Curator of an urban canvas
The Gatekeeper of New York's 'graffiti mecca,' 'Meres' decides who paints – and how long it stays.
(Page 2 of 2)
Listen in on the class, and you'd swear you were hearing a foreign language. Some translations, then: a "tag" is an artist's basic signature; a "piece" is a signature with a detailed font and colors; and a "production" or "mural" is a scene with a concept.Skip to next paragraph
Subscribe Today to the Monitor
On a recent muggy Friday afternoon at 5 Pointz, this dialect was in full force as old-school graffiti artists reminisced. Louie Gasparro (aka KR1), who has made aerosol art since 1977 as an 11-year-old tagging trains and alleys, remembers when he could tell what borough he was in by the graffiti style. Now, he says, styles from all over the world fuse into one another.
"Back in the day, you couldn't do elaborate pieces like this," says Mr. Gasparro in a thick New York accent, pointing to works that took weeks to create. As graffiti has become more accepted at places like 5 Pointz, he says, it's improved because artists can paint without the fear of being fined or chased by police. Instead of minutes, they can dedicate days, weeks, or months to a single work. But 5 Pointz is the exception, not the rule. "There should be more places like this," says Gasparro.
"It's another world away from the world," says Cohen.
Yet part of the appeal of 5 Pointz is its lack of isolation: The fact that this world is clearly visible from the subway ensures a steady flow of curious eyes. And there's another magnet nearby. P.S.1 Contemporary Art Center, an affiliate of the Museum of Modern Art in Manhattan, is across the street. When people, especially those in their 20s and 30s, unexpectedly see 5 Pointz on the way to or from the museum, they are inexorably drawn to it by a mixed sense of enchantment and disbelief. A common reaction of passersby, says Cohen, is, "'Wow! Did you do all this with a can?'"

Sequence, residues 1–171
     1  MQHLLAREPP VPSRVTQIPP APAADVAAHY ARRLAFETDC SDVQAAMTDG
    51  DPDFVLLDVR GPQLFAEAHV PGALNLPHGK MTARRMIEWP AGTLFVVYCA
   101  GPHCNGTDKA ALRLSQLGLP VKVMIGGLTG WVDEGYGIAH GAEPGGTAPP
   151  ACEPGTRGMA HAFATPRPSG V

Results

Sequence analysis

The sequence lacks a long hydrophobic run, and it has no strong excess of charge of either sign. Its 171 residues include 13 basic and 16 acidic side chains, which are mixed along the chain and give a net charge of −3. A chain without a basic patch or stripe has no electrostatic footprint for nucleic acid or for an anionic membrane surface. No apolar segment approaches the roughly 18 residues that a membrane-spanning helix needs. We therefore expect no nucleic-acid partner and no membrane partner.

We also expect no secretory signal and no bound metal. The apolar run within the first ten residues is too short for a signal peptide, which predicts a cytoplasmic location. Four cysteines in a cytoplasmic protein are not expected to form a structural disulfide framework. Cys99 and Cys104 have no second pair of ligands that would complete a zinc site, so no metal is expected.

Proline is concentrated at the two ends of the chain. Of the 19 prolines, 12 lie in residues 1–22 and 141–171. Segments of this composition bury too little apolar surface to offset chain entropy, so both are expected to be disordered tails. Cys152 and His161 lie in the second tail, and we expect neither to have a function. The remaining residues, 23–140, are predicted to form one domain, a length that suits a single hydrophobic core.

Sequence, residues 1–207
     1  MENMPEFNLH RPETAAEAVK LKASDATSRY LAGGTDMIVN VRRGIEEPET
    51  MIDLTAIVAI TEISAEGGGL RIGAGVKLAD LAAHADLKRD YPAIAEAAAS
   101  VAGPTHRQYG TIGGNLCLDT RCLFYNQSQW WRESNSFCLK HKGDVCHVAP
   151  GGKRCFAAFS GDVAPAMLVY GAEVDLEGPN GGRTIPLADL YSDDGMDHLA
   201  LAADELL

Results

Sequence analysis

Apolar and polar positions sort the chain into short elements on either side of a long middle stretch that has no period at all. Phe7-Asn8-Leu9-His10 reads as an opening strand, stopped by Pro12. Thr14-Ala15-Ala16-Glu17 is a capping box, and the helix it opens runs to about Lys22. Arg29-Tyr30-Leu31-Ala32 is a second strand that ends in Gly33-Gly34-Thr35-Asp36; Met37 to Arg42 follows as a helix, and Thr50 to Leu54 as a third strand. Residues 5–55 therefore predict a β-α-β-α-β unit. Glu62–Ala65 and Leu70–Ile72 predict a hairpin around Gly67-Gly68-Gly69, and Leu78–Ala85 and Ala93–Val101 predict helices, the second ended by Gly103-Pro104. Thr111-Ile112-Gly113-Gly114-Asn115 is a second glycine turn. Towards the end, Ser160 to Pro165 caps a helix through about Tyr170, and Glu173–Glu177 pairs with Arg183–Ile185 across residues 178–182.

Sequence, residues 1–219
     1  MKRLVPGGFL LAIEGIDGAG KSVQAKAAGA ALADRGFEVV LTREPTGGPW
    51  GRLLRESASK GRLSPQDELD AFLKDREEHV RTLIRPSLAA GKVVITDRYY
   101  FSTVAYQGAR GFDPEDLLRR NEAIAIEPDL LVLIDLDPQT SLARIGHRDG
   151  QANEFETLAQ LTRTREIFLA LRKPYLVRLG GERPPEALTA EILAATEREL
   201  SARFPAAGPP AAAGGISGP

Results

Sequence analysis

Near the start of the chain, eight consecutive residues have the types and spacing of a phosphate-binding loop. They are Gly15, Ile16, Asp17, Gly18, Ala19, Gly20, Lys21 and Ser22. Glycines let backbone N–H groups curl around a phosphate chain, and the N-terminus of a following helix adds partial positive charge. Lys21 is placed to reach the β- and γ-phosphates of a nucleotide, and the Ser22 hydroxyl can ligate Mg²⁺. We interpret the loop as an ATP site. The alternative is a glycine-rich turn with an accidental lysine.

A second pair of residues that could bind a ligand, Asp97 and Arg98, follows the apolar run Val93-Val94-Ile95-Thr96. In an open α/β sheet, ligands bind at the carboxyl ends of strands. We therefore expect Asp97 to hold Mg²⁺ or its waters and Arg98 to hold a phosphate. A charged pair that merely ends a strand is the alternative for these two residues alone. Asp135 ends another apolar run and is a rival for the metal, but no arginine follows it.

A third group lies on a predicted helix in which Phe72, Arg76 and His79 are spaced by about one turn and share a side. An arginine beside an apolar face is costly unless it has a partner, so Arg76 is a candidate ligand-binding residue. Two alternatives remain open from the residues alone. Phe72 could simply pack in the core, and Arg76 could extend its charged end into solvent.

"It brings an audience that wouldn't be coming around here otherwise," he explains.
Last December, Cohen got a call from someone representing Joss Stone, the popular R&B singer. Ms. Stone wanted to use 5 Pointz as the backdrop for the music video of her song "Tell Me 'Bout It." Cohen had no idea who she was, but after talking to her, he gave her crew the go-ahead. He even did a mural of Stone's face for the video, in which he appears at the end.
Cohen also flew to Los Angeles to paint Stone's body for the cover of her latest album, "Introducing Joss Stone." He had never used powdery body paint before or painted anyone's entire body, but "I'll never turn down a job," he says.
This motto has led him to accept corporate work, too – an opportunity that might not have been conceivable in the early days of aerosol art. On that same muggy Friday that the old-school artists were painting at 5 Pointz, Cohen was in Brooklyn working on a mural that advertises iced tea. He does corporate gigs purely for the money, he says, but dismisses any talk of "selling out."
"I couldn't work a regular job and work 5 Pointz," he says. When he's not at a gig, he's volunteering his time there, and although he gets paid for commercial use of 5 Pointz for film or photography, he says he annually spends $10,000 of his own money on the building.
"He spends his life there and he doesn't get much for it," said Ms. Stone, the R&B artist. "It's all about the love for the art."
Money aside, Cohen has big dreams for 5 Pointz. He wants to open an aerosol art clothing and supply store, a museum, and an art school. Money considered, he realizes these dreams will cost a lot. "I take it year by year," he says.